Subscribe to The Horn Book

Visit the Boston Globe–Horn Book website.

Extra Yarn

extra yarnThe stack of books stares at me. Where to start?  So, I did what I always do when struck with the paradox of too many choices: close my eyes and grab. So I will start this year’s discussion with a book I have admired for a long time. As a knitter, it was natural that I would be attracted to this story of knitting and giving. But would everyone? When the Boston Globe-Horn Book Committee announced it as their picture book winner, it was clear that this story had more universal appeal.

The Caldecott Committee will look at each book through the lens of the criteria. Here are the key words that each committee member will commit to memory before the process is over: 

“In identifying a ‘distinguished American picture book for children,’ defined as illustration, committee members need to consider:

  1. Excellence of execution in the artistic technique employed;
  2. Excellence of pictorial interpretation of story, theme, or concept;
  3. Appropriateness of style of illustration to the story, theme or concept;
  4. Delineation of plot, theme, characters, setting, mood or information through the pictures;
  5. Excellence of presentation in recognition of a child audience.”

Each committee member will write formal nominations of his or her favorite books and the nominations will be written with the criteria in mind.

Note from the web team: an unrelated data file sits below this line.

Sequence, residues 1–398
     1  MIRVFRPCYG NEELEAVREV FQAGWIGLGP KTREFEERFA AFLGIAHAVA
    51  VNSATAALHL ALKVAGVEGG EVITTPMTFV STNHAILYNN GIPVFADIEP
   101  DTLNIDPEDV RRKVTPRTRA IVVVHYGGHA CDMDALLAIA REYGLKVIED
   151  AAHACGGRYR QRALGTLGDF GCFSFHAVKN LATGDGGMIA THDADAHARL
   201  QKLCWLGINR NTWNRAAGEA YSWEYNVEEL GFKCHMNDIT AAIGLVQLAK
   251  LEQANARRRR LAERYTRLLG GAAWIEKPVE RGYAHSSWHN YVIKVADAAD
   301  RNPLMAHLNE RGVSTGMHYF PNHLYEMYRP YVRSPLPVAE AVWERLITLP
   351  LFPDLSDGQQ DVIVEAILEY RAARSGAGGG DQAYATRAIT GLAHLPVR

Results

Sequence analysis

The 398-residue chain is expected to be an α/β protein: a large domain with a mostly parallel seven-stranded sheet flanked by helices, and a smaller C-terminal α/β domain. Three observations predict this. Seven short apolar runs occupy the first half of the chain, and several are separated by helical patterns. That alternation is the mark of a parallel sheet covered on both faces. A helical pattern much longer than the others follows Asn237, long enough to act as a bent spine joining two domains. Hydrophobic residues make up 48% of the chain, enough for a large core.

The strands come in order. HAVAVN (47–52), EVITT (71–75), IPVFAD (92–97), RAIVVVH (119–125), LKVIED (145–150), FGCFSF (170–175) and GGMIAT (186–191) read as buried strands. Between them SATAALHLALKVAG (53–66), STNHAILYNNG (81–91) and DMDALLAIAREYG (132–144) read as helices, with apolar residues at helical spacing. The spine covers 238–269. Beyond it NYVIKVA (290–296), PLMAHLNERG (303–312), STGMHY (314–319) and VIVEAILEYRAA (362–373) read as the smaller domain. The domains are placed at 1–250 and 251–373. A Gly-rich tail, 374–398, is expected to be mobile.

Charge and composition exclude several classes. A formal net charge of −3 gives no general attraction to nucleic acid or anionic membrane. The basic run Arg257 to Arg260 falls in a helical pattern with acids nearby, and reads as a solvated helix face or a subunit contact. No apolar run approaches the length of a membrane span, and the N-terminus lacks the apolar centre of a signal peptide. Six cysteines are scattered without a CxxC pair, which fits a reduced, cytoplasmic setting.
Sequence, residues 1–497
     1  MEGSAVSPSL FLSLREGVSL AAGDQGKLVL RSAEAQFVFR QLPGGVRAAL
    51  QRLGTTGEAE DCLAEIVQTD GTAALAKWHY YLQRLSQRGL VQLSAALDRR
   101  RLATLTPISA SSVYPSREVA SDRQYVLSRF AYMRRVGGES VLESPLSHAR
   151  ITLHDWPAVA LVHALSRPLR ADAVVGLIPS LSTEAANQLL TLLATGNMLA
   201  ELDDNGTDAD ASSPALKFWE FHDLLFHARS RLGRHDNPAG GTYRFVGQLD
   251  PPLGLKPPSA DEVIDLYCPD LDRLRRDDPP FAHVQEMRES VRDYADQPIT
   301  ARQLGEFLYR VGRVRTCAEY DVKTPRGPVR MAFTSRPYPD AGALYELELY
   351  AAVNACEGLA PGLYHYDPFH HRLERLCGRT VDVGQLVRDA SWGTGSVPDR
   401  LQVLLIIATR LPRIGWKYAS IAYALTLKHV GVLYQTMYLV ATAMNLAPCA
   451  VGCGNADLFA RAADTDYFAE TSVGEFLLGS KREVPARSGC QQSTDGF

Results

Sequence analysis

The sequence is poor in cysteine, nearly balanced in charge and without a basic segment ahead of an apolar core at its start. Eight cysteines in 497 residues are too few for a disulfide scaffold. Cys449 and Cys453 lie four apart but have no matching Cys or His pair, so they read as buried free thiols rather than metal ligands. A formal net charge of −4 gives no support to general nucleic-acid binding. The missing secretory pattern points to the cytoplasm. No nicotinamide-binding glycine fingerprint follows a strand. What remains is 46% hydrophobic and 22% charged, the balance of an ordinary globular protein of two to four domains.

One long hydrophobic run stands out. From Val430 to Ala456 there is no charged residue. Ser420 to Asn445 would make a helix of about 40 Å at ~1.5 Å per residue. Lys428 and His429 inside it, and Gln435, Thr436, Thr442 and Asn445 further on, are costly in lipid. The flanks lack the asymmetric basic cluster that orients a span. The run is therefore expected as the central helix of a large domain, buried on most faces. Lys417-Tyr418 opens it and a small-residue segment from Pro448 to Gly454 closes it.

Starting right with the cover, Extra Yarn is a stunner. The title is made of stockinette knitting, each letter carefully connected by yarn and painted by the illustrator. Klassen creates his art by hand and then digitally manipulates it. Hints of Things To Come are right there in that mysterious box sitting quietly on the lower left. When Annabelle finds that box filled with yarn of every color, she commences knitting. Here the grey/brown palette adds color as Annabelle begins to knit. Soon, she has knitted something for everyone, every animal and even every building. And still she keeps knitting, enjoying the act of creating and giving. One day, an archduke arrives, hellbent on getting that endless box of yarn for himself. Annabelle won’t sell it, so the cad steals it and finds out that the magic does not transfer and he throws the box into the sea, where it floats back to its rightful owner. The quiet story is told in few words and the illustrations gently extend the text without unnecessary duplication. Colors set the mood both of the little town, so nicely knit together, and the closed-eye archduke, forever bathed in sepia tones, even his overdone scarf.